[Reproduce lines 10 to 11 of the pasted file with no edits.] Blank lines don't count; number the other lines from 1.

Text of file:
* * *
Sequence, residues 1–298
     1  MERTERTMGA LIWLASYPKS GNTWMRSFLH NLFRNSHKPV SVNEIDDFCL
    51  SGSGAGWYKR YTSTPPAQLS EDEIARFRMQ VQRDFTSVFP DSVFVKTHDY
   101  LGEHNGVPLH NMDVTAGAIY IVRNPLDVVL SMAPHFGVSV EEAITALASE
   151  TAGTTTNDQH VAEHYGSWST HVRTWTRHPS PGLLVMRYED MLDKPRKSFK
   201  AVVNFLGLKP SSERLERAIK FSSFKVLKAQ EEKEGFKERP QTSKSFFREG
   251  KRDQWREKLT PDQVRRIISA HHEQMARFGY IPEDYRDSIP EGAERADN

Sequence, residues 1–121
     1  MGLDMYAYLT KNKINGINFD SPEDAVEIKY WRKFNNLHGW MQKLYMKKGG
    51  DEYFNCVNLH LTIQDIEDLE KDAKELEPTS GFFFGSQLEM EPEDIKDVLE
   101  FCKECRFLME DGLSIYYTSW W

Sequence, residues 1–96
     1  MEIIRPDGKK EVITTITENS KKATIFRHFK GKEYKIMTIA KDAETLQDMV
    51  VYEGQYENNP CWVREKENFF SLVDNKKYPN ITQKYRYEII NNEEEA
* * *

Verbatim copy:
    51  DEYFNCVNLH LTIQDIEDLE KDAKELEPTS GFFFGSQLEM EPEDIKDVLE
   101  FCKECRFLME DGLSIYYTSW W